As a faithful Republican, Kathy Goldsworthy was glued to the news the morning John McCain announced he'd picked Sarah Palin.
"You know, things were flying around as to who was, who wasn't his pick," she said. "And at first I was a little bit disappointed, because I was a Mitt Romney supporter and liked what he would bring to the ticket. And then saw her come on stage and went, 'Wow! This a woman who I really, really feel good about.'"
"I was so excited when I heard her name, but I think our story maybe diverges from there," said Mary Karlsson. "I still admire her as a person. I still admire her as a leader. I still admire her for her accomplishments. But I've just come to really understand that on the political spectrum, I'm at a very different place than she is."
It didn't take long for Karlsson, a Democrat, to give up on the idea of supporting Palin.
"About 15 seconds," she said.
Karlsson and Goldsworthy are two of six women Minnesota Public Radio News invited to talk about Palin.
There were three Democrats and three Republicans. They ranged in age from their twenties to their sixties, and they're all mothers. And while it's hard to avoid politics when you're talking about a politician, that wasn't the focus. The conversation centered on how Palin has gotten them thinking about their own lives.
Jane Niemeyer lives in St. Paul, and she's unemployed right now.
"I've got a two-year-old at home and a very nice husband, also at home, and I just try to take care of them and look for work as best I can," she said.
Niemeyer used to work in politics. And she covered the 2000 presidential election as a producer for CBS TV. She knows the toll campaigns can take on a family, and that's why it bothers her to see men or women with young children running for national office.
"And I look at Sarah Palin and what she's done, which is have five kids, including one that is very, very young, and I think if you don't have time to spend with kids, don't have them," she said.
"Jane, when you were saying what you were saying, I really could start crying," said Valerie Broughton, who owns a college counseling company in Minneapolis.
"I think if you don't have time to spend with kids, don't have them."
She remembered earlier in her career fighting to crack the glass ceiling in higher education.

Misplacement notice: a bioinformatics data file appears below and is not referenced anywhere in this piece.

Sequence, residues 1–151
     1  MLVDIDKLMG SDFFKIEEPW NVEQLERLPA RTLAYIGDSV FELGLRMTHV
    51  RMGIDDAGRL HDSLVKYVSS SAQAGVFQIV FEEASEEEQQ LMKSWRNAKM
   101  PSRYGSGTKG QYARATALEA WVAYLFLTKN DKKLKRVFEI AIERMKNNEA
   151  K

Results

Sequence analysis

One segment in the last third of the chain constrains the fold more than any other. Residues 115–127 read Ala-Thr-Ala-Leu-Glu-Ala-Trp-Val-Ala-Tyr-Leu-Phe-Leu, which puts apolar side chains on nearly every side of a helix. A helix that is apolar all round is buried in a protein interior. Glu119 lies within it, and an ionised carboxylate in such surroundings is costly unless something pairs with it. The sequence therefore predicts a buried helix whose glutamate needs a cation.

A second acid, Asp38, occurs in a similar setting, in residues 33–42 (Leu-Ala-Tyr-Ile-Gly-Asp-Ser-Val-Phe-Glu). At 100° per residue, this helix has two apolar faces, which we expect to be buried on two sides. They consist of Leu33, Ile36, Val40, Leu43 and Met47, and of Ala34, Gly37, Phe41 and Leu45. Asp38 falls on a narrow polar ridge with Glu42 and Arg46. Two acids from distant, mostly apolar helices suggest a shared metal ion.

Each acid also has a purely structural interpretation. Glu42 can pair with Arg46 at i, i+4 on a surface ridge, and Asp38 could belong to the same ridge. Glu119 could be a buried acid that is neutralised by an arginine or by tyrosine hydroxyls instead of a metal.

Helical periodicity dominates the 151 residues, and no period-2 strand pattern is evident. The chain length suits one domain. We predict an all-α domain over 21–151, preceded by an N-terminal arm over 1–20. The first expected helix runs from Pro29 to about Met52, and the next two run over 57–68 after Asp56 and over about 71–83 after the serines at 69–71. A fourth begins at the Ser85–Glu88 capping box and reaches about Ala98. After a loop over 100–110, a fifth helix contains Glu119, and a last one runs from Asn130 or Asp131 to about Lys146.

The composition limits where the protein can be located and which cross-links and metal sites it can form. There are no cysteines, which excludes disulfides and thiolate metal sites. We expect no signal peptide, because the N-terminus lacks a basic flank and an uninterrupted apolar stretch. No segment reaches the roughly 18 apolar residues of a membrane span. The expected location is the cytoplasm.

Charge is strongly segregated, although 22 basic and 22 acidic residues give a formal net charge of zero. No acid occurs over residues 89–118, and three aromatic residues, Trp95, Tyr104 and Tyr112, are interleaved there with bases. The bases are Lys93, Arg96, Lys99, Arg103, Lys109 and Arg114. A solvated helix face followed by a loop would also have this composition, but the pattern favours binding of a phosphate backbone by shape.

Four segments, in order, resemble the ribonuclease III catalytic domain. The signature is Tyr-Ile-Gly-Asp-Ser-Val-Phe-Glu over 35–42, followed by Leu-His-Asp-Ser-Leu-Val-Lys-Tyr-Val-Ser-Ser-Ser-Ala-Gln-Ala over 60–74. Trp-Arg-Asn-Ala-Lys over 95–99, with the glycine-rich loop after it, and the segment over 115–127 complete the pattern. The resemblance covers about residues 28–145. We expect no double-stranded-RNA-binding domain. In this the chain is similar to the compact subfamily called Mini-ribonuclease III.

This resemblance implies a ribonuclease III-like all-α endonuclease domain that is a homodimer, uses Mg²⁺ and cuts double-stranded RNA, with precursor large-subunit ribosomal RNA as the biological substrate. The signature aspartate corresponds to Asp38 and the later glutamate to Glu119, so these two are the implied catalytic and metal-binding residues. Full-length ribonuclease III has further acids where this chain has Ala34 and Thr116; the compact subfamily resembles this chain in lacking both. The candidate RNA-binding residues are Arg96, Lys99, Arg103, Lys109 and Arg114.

"I mean, there weren't any women deans," she said. "There weren't any women vice chancellors. There weren't women presidents."
Broughton is a Republican. She's supporting McCain and Palin, and she's one of the only participants who embraces the label "feminist."
"And so now that there's a perspective that if you're a woman and you have children, you shouldn't have any other choices after that, it does sort of break my heart," she said.
Kathy Goldsworthy wouldn't call herself a feminist, but she said the focus on Palin family proves she's the victim of sexism.
"Has anybody brought up the point that Barack Obama has two little children?" she asked. "That's not brought up, but it's brought up: Can Sarah Palin have her children?"
And Jane Niemeyer clarified that she thinks anyone with young kids should think twice about seeking the presidency.
"I'm actually fairly disappointed that Barack Obama isn't waiting until he has a little bit more experience and that his kids are older," she said.
Republican Kristin Shadis also questioned how Palin could balance her work and her family, but said she's confident Palin is up to the job.
"I think that being a parent only qualifies you more, because you're thinking about the future of your own children, and I know that as I've had my own children, my tenacity for seeing the right things happen in this country has only multiplied," she said.
Whether they liked her or not -- and there were strong feelings on both sides -- all the women agreed that Palin's candidacy represents a step forward for women in politics.
And Democrat Michele Moylan pointed out that Hillary Clinton's candidacy earlier this year may have even helped temper the sexism Palin may face.
"My husband said about this election Barack Obama and Hillary Clinton were in it: What a wonderful thing. All of this stuff is going to come out because it's the first time, and then we won't have to do it anymore," she said.
And many of them said they hope to see the day when gender won't play such a big role in American politics.